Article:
Playworks helps turn Layla into a student leader

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Playworks After-School Leadership Program

As the final recess whistle was blown on my first day at Kelly Elementary, my body felt relief as I dragged my feet to my office. "Wow," I thought to myself,  "This is going to be a long and crazy year." As I turned the key to my quiet office I heard a stampede of three fourth grade students running toward the door, arms overflowing with recess equipment.
"Are you our new coach?!"  they all questioned as they rushed through my door placing all the equipment in the designated spots. 

As I looked at them in confusion, Layla looked up at me with her hands on her hips and exclaimed, "This is our job," before continuing on her way. They clearly knew way more than I did about how recess worked around here. Day after day, the same three students returned the recess equipment, and I knew straight away I had just found three potential Junior Coaches.
While consulting the administration and teachers about the applications, Layla stuck out. By this point Layla had already acted as my Kelly Recess Trainer for weeks, but she was struggling in class and her school attendance was low. Everyone thought that with the right guidance she would be a great leader, but expectations and consequences would need to be concrete before the start of the program.
On Layla's second recess shift she played the fan favorite Bandaid Tag. As I watched from a distance, our guidance counselor approached and applauded Layla playing with the kids. A first grader had fallen in the tag zone, and Layla immediately knelt down to his level and comforted him while problem solving with the other kids. I later asked her what happened, and she told me, "Someone wasn't using their butterfly fingers while tagging..." shaking her head in disappointment.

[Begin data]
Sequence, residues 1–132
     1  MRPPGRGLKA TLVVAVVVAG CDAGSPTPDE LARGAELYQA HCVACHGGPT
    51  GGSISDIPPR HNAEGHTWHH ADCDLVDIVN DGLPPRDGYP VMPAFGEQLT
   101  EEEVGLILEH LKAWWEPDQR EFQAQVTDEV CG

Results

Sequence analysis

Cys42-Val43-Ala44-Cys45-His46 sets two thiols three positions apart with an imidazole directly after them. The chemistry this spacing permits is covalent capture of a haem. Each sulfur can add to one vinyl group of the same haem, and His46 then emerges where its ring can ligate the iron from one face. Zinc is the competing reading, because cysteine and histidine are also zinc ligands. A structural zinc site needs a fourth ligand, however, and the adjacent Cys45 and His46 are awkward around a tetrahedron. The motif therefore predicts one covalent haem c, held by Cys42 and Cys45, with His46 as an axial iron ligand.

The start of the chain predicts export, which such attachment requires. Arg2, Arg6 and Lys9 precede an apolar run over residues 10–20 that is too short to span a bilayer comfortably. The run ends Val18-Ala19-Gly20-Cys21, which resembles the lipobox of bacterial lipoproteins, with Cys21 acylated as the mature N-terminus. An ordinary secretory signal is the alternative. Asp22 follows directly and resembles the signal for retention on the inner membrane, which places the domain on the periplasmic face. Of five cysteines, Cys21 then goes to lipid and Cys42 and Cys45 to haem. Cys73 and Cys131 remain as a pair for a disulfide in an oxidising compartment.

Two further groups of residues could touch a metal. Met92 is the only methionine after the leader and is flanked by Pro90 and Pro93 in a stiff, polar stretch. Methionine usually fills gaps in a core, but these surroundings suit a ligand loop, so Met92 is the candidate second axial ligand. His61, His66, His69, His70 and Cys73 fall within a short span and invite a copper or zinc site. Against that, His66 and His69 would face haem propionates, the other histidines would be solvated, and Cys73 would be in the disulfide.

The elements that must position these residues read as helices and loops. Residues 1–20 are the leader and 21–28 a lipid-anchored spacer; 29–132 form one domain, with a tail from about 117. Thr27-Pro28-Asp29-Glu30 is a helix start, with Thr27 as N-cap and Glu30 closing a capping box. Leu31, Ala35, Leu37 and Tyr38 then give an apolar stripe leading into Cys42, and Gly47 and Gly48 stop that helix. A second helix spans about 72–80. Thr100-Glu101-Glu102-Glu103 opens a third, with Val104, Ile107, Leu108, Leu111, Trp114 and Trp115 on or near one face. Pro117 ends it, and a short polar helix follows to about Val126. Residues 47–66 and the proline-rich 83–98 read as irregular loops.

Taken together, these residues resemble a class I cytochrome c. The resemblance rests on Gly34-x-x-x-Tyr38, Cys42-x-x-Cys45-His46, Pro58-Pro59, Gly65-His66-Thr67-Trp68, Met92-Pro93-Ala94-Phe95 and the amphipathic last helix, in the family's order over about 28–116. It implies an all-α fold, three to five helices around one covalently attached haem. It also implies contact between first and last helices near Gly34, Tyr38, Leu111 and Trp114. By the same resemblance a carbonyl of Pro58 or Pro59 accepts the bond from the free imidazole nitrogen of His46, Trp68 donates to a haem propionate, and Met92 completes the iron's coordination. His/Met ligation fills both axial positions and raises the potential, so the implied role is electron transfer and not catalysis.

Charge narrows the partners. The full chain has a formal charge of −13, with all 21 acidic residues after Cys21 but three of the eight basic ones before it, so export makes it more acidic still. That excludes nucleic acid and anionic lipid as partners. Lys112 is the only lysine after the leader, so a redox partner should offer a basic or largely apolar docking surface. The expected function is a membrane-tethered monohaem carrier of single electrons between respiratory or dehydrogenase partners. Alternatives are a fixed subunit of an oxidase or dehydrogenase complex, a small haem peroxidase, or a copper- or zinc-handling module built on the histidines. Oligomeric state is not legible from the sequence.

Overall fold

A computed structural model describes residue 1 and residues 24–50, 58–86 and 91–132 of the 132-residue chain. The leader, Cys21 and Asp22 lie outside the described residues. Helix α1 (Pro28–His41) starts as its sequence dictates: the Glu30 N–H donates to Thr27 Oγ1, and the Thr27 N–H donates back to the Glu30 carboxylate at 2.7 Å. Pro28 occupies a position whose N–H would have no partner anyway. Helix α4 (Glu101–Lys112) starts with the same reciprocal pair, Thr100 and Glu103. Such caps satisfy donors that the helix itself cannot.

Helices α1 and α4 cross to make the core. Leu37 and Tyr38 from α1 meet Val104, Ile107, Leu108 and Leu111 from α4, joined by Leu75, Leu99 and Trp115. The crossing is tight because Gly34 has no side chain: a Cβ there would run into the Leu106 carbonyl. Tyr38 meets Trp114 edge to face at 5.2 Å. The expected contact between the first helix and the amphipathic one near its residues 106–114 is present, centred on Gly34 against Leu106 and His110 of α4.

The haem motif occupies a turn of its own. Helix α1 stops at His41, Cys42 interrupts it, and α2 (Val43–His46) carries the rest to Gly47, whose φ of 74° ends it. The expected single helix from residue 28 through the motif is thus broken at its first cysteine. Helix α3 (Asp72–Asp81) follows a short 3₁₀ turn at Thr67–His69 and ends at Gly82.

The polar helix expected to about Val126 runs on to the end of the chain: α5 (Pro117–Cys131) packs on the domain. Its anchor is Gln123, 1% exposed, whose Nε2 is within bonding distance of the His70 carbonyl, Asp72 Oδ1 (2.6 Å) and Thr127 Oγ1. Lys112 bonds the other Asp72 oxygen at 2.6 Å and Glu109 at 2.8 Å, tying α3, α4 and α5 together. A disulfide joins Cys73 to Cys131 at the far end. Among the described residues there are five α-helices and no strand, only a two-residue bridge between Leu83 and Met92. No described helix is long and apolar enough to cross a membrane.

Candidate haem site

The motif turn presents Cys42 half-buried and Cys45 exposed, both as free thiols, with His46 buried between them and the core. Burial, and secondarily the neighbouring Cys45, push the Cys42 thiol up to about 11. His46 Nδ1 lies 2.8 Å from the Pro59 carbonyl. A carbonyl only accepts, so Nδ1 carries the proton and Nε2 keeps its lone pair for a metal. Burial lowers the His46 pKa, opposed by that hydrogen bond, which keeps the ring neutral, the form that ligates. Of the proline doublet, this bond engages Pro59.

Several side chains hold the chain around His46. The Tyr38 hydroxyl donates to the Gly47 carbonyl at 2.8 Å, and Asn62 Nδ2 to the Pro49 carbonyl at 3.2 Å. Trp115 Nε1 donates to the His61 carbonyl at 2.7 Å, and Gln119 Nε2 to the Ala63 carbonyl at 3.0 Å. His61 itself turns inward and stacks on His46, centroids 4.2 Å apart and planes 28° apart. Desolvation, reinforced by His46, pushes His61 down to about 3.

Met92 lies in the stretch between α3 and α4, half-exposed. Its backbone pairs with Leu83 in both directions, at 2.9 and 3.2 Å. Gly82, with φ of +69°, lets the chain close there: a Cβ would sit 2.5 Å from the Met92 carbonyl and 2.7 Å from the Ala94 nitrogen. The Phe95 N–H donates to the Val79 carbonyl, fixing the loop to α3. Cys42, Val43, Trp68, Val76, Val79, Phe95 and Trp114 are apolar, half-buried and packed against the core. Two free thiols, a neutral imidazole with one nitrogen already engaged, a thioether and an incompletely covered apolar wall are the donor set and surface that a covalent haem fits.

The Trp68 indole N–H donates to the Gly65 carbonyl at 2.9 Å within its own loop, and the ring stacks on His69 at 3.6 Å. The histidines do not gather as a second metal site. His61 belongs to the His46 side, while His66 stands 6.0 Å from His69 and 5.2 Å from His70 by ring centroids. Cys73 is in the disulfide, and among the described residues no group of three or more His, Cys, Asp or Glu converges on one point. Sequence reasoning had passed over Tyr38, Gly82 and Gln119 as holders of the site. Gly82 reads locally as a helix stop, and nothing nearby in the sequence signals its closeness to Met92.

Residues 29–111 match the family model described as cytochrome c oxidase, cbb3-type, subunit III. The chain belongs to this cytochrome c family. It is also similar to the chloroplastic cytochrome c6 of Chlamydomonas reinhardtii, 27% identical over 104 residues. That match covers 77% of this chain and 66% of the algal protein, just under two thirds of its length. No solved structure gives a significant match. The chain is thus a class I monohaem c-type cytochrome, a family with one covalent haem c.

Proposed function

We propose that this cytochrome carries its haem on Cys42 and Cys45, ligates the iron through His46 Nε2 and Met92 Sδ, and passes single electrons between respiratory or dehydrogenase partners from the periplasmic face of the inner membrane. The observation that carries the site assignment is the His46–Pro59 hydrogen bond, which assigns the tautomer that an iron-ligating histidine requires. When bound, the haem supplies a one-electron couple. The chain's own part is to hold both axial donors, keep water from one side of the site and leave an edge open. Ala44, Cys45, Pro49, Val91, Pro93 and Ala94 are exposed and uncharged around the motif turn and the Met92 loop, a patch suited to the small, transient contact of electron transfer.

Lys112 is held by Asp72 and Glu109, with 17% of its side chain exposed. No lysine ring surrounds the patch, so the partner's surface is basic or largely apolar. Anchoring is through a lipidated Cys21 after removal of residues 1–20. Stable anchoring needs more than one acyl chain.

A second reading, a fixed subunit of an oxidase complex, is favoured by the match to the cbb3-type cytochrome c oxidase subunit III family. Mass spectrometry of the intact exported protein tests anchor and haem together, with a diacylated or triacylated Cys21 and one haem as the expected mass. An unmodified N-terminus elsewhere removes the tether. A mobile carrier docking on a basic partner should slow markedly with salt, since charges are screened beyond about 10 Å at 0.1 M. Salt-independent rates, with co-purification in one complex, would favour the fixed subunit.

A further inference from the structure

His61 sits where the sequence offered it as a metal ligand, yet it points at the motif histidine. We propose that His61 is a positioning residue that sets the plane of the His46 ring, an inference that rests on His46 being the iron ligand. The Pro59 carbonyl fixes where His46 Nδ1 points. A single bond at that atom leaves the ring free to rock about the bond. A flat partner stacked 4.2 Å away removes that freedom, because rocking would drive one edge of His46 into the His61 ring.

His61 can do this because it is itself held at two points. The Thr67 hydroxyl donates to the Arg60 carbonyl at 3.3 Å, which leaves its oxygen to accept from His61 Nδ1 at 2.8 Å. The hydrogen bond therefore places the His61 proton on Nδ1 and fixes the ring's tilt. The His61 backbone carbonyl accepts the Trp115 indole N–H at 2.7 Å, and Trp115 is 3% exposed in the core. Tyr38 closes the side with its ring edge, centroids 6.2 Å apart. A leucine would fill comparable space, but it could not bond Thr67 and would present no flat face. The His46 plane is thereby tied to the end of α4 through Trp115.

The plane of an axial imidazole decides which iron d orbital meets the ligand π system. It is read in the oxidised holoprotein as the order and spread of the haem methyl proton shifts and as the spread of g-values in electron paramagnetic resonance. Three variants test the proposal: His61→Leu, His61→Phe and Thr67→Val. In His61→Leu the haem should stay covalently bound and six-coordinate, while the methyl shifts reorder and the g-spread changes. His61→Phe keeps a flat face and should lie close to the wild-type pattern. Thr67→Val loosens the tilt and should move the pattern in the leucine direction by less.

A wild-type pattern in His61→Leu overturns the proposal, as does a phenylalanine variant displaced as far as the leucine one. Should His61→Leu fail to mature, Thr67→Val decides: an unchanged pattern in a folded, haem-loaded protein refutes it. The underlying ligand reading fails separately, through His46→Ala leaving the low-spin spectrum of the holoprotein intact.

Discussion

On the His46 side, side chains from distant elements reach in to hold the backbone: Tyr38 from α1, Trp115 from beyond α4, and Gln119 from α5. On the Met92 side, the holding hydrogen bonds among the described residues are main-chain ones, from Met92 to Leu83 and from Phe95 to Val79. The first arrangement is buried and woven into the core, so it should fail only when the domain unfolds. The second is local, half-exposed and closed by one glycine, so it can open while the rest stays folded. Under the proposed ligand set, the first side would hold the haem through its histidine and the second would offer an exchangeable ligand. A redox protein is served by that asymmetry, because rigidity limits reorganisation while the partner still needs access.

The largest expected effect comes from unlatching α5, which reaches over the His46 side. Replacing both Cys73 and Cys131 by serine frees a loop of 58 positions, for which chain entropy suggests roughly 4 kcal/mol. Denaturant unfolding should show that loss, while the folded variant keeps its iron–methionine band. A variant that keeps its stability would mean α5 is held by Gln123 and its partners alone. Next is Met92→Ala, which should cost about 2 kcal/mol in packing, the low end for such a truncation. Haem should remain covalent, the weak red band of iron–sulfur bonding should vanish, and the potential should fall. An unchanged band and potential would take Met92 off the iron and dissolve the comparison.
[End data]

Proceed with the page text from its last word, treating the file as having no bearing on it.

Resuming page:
I told her that this sort of thing would happen sometimes, but she was doing exactly what she was supposed to do. She gleamed with approval.
In the following weeks Layla was a rockstar Junior Coach who never missed a shift and held the high score for high fives. Her class behavior charts were improving, and she even received the highest score possible one day. However it had been brought to my attention that she had had a few conflicts with other students. Layla now had to eat lunch every day in the office and do community service for the school. I didn't want to remove her from Junior Coaching because of how great she had been doing on the playground, but we also had to make it clear that we aren't only leaders on the playground, we are leaders for the school.
Later that week Layla was sitting on the playground nearly in tears. She told me that a fellow student wanted her to punch someone because of a conflict on the playground. Layla told them she couldn't and walked away in frustration because she didn't want to be known as that person anymore.
"Couldn't?" I asked.
"I'd lose Junior Coaching if I did that," she cried. It was that moment that I realized what Junior Coaching means to Layla. This is just the start of her Junior Coach journey, and I am excited to see the things she'll do and to support her along the way.

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